To Richard Price
ALS: American Philosophical Society
Cravenstreet, Sept. 28. 1772
Inclos’d I send you Dr. Priestly’s last Letter, of which a Part is for you, he says, but the whole seems as proper for you as for me. I did not advise him pro or con, but only explain’d to him my Method of Judging for my self in doubtful Cases, by what I called Prudential Algebra.8
If he had come to town, and preach’d here some times, I fancy Sir John P. would now and then have been one of his Hearers; for he likes his Theology as well as his Philosophy. Sir John has ask’d me if I knew where he could go to hear a Preacher of rational Christianity.9 I told him I knew several of them, but did not know where their Churches were in Town; Out of Town, I mention’d yours at Newington, and offer’d to go with him. He agreed to it, but said we should first let you know our Intention. I suppose, if nothing in his Profession prevents, we may come, if you please next Sunday; but if you sometimes preach in Town, that will be most convenient to him, and I request you would by a Line let me know when and where. If there are dissenting Preachers of that Sort at this End of the Town, I wish you would recommend one to me, naming the Place of his Meeting. And if you please give me a List of several, in different Parts of the Town; perhaps he may encline to take a Round among them. At present I believe he has no View of attending constantly anywhere; but now and then only as it may suit his Convenience. All this to yourself. My best Respects to Mrs. Price and Mrs. Barker.1 With sincere Wishes for your Health and Welfare, I am ever my dear Friend, Yours most affectionately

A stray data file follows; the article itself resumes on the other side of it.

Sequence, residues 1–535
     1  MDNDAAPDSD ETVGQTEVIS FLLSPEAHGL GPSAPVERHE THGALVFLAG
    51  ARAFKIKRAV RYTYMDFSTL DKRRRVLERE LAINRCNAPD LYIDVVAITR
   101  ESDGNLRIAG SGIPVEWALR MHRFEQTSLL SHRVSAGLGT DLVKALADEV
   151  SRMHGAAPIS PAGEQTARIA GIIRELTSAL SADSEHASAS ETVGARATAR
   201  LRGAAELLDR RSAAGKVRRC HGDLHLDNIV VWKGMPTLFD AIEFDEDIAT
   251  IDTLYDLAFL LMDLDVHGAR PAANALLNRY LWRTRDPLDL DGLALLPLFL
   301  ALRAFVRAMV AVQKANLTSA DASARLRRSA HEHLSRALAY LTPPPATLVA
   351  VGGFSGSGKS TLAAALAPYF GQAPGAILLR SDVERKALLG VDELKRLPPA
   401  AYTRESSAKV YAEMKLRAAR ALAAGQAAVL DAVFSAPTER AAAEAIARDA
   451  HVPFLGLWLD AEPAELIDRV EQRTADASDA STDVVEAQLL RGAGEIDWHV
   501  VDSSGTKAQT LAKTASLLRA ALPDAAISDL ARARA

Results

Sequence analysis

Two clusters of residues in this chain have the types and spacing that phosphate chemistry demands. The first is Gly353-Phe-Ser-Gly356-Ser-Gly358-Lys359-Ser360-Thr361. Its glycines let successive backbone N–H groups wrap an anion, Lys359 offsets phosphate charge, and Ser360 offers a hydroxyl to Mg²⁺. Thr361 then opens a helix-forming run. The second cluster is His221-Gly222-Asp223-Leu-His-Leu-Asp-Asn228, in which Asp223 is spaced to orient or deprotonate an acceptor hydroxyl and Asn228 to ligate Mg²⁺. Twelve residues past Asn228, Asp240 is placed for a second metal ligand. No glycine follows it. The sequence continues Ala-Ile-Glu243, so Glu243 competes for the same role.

Endorsed: Dr. Franklin 1772
8. Priestley’s letter, now lost, must have discussed his uncertainty about Lord Shelburne’s offer to make him his librarian; see BF’s reply above, Sept. 19. Price appears to have conveyed the offer, and Priestley wrote him a number of times for his advice: Schofield, Scientific Autobiog., pp. 105–6, 108, 111.
9. Rational Christianity was the contemporary term for what came later to be known as Unitarianism. Pringle, who was much interested in theological questions, did eventually find his home among the Unitarians: DNB.
1. We cannot improve upon our predecessors’ guess (above, XIV, 220 n) that Mrs. Barker was Mrs. Price’s companion.